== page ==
USA TODAY High School Sports has a weekly column on the recruiting process. This isn’t about where just the top five-star athletes are headed but rather a guide to the process and the pitfalls for student-athletes nationwide from Playced.com. This week’s article is written by Ross Hawley, the president of the company. Playced.com is an industry leader in college recruiting. Their technology-based recruiting service identifies the right colleges for potential recruits to pursue and provides a recruiting system that is second to none for student-athletes of all talent levels and ages.
Social Media. It’s where we go to get our news. It’s how we communicate with our friends. It’s what we do to waste time while we stand in line at McDonald’s. Heck, we use it to do just about anything these days. In fact, you probably found this article through one of the apps you have downloaded on your phone! Like it or not, social media plays an enormous role in our day-to-day lives. And if you’re a high school athlete, I can guarantee you it’s going to play an enormous role in your college recruiting process.
Just how important a role does social media play in the college recruiting process? Here’s what some of the best football coaches in the country had to say when I asked them that very question.
Mike Gundy, Oklahoma State
It’s information that’s available to us, so it’s information we include in our evaluation process. We have people on our football staff that track every one of our players and every one of our recruits. I remind our guys every week about that. I just tell our guys to stay off social media! Especially, if you can’t behave. I have three sons and I tell them the same things. I just don’t understand how taking a picture of what you’re doing and presenting it for the whole world to see makes any sense. Why would you do something questionable and incriminate yourself by posting about it? That kind of behavior has certainly cost some young men an opportunity to play football at Oklahoma State.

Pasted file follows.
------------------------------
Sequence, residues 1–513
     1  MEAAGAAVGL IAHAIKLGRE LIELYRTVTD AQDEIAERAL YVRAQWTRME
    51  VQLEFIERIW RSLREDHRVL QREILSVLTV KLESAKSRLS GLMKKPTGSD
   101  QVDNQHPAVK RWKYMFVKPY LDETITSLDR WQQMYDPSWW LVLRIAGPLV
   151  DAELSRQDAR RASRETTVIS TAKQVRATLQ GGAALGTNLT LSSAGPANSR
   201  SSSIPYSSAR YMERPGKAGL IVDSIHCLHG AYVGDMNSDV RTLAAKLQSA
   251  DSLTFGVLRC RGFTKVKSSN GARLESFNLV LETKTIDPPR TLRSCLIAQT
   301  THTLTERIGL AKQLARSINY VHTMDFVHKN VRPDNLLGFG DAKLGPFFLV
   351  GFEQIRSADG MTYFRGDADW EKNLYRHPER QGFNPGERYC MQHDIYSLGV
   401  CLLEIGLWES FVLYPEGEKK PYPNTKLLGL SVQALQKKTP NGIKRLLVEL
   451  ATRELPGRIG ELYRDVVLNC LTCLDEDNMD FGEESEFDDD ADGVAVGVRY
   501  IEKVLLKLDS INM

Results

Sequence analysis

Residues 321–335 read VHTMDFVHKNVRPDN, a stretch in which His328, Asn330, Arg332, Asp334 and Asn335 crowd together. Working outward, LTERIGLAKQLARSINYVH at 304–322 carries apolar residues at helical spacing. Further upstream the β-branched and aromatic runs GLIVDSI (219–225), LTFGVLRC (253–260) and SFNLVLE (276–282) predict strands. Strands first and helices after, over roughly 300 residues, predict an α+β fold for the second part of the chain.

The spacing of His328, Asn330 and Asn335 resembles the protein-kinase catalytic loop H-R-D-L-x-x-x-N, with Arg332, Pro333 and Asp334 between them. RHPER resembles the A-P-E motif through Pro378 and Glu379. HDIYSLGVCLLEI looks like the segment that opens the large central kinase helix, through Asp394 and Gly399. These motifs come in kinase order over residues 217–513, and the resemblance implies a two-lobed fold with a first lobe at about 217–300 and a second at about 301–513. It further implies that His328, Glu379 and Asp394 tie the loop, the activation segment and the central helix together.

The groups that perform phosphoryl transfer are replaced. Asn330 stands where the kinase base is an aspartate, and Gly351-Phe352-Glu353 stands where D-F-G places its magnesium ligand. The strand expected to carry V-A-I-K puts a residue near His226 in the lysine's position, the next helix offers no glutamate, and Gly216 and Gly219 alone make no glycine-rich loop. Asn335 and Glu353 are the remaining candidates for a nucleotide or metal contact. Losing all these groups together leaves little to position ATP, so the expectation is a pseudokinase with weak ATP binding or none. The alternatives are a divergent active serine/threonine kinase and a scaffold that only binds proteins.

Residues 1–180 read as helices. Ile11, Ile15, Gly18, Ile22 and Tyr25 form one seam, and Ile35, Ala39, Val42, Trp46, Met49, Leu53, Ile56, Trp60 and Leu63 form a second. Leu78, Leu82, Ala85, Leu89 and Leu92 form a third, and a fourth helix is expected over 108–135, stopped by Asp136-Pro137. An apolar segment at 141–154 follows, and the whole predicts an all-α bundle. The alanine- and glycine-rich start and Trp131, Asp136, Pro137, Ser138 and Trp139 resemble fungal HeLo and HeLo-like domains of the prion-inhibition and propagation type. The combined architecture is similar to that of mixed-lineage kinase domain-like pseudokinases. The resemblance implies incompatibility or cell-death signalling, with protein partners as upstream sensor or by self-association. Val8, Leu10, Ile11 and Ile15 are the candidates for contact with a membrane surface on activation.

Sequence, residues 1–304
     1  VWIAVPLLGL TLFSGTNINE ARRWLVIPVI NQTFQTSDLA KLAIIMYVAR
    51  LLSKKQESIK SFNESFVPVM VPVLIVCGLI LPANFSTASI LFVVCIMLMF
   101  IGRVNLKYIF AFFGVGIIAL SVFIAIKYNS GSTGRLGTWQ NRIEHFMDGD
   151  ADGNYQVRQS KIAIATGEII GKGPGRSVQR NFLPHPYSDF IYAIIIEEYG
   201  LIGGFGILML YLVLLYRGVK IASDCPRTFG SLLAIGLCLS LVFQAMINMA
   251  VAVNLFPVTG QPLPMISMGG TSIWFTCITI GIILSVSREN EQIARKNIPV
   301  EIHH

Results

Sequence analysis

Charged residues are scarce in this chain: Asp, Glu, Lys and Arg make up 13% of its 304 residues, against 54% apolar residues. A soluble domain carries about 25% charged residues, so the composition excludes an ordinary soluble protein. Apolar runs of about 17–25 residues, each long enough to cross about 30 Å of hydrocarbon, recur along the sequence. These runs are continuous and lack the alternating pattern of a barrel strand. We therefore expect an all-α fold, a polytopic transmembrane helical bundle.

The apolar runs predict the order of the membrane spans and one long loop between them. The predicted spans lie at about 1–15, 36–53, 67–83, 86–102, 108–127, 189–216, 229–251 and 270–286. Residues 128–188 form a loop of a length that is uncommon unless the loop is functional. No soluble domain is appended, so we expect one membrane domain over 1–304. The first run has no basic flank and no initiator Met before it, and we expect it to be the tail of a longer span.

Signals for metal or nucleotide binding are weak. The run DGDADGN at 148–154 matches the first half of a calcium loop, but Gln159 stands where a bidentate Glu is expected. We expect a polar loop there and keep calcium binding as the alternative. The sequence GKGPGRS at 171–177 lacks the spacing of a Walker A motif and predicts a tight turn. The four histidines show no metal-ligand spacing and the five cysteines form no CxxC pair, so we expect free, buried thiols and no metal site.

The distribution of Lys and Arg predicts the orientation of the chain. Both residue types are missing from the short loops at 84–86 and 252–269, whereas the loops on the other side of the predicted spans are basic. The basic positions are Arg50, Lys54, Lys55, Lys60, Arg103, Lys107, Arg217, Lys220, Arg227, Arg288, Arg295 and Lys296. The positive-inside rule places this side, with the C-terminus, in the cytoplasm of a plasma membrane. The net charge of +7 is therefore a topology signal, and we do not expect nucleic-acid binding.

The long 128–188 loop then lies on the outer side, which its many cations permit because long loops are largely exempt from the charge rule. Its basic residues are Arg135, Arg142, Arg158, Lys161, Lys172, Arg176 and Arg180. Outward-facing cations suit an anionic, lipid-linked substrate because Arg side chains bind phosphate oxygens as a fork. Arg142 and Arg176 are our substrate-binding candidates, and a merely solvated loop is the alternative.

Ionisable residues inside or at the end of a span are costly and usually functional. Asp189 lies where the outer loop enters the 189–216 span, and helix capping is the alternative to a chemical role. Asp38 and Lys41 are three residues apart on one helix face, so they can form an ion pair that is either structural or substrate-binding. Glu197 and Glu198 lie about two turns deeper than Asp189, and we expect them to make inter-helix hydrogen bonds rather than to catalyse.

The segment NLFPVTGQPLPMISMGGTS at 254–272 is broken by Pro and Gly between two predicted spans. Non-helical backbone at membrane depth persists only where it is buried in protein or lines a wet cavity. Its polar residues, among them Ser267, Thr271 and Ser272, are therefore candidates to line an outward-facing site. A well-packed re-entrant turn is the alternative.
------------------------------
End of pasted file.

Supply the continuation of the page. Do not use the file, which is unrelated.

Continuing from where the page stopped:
Jeff Scott, Clemson
Social media is a huge part of the recruiting process. It allows us to get our brand in front of potential recruits and families that are interested in learning more about Clemson. I can remember 7 or 8 years ago when a prospect would come on campus, it was really the first time they were meeting coaches, seeing facilities and learning about your program. Now, prospects know a ton about Clemson before they even step foot on campus. They have a great feel for what we are all about because of what they see on social media.
Social media is also a great way to communicate and learn more about the prospects we are recruiting. At Clemson, we have an entire office whose sole duty is to go through the social media of our prospects. It’s extremely important for us to understand who we are dealing with. That office will look through the content and report to our coaching staff on what they are finding. Every year, we will eliminate prospects on our board because of questionable content. We’ve eliminated guys for inappropriate language, images, retweets or anything that we see as a red flag. Conversely, guys have moved up on our board because of the positive things we are able to learn through the various social media channels. It serves as a tremendous resource for us.
Troy Calhoun, Air Force
There are so many good indicators regarding maturity, and the respect and dignity you’re showing others. Now, you can essentially form a pretty good character opinion on a recruit before you even meet them in person. Unfortunately, all it takes is one negative post to deter a coach from recruiting you. I think young men and women need to understand that there’s going to be some liability they will incur when they make a mistake on social media. And, those mistakes can not only impact your recruiting experience, they can also impact the rest of your life.
Vince Kehres, Mount Union
Social media makes the recruiting process so much more immediate. Recruits and coaches have much easier access to each other now, than ever before. Literally, you can hear about a guy one minute, and the next, you can find anything and everything you want to find on him. Whether that’s evaluating the type of player he is by watching some game film you found online, or it’s trying to figure out the kind of a kid he is by what he’s doing on social media, the information is there. And, it’s there for both sides.
Colby Carthel, Texas A&M-Commerce
Social media has turned college recruiting into something it’s not. It’s tarnished the process because now, it’s all about signing. It’s all about making that decision public. I think kids feel rushed to decide, so they can be like everyone else. It’s more about tweeting out who made you an offer, than finding a school that’s the right fit. That’s the world we live in now, unfortunately. Why kids need to receive false justification, or affirmation, from a bunch of people that don’t really care about them anyway, makes no sense to me. That’s not what this is about.